protein kinase cAMP-dependent type I regulatory subunit alpha
The PRKAR1A gene provides instructions for making one part (subunit) of an enzyme called protein kinase A. This enzyme promotes cell growth and division (proliferation). Protein kinase A is made up of four protein subunits, two of which are called regulatory subunits because they control whether this enzyme is turned on or off. The PRKAR1A gene provides instructions for making one of these regulatory subunits, called type 1 alpha. Protein kinase A remains turned off when the regulatory subunits are attached to the other two subunits of the enzyme. In order to turn on protein kinase A, the regulatory subunits must break away from the enzyme.
More than 117 mutations in the PRKAR1A gene have been found to cause Carney complex. Most of these mutations result in an abnormal type 1 alpha regulatory subunit that is quickly broken down (degraded) by the cell. The lack of this regulatory subunit causes protein kinase A to be turned on more often than normal, which leads to uncontrolled cell proliferation. The signs and symptoms of Carney complex are related to the unregulated growth of cells in many parts of the body.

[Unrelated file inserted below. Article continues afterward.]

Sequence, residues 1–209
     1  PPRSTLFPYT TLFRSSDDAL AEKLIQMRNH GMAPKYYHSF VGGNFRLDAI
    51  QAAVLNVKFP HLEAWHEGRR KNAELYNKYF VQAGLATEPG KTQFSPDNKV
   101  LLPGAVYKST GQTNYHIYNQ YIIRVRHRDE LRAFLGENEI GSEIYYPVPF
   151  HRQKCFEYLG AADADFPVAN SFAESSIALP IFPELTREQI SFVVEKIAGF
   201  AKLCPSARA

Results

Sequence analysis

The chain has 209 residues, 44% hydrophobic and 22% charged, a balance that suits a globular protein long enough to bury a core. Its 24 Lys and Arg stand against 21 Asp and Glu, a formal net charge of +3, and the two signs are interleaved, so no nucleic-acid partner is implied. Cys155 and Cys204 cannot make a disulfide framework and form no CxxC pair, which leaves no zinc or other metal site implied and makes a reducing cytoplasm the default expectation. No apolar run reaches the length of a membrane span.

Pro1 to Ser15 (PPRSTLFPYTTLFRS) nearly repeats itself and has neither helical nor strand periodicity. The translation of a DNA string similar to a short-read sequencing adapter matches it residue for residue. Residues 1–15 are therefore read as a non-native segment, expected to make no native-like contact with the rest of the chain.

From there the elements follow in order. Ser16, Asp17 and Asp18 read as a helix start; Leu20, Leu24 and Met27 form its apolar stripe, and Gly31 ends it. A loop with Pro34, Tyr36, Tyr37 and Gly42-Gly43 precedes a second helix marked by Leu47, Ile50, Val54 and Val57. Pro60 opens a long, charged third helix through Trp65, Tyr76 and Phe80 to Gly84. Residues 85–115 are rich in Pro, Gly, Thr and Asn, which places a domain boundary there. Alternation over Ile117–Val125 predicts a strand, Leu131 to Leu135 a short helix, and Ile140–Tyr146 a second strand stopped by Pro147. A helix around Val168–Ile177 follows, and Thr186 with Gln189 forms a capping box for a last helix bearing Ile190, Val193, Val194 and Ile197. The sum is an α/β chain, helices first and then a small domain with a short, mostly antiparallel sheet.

- cAMP-dependent protein kinase regulatory subunit RIalpha
- cAMP-dependent protein kinase type I-alpha regulatory chain
- protein kinase A type 1a regulatory subunit
- protein kinase, cAMP-dependent, regulatory subunit type I alpha
- protein kinase, cAMP-dependent, regulatory, type I, alpha
- protein kinase, cAMP-dependent, regulatory, type I, alpha (tissue specific extinguisher 1)
- tissue-specific extinguisher 1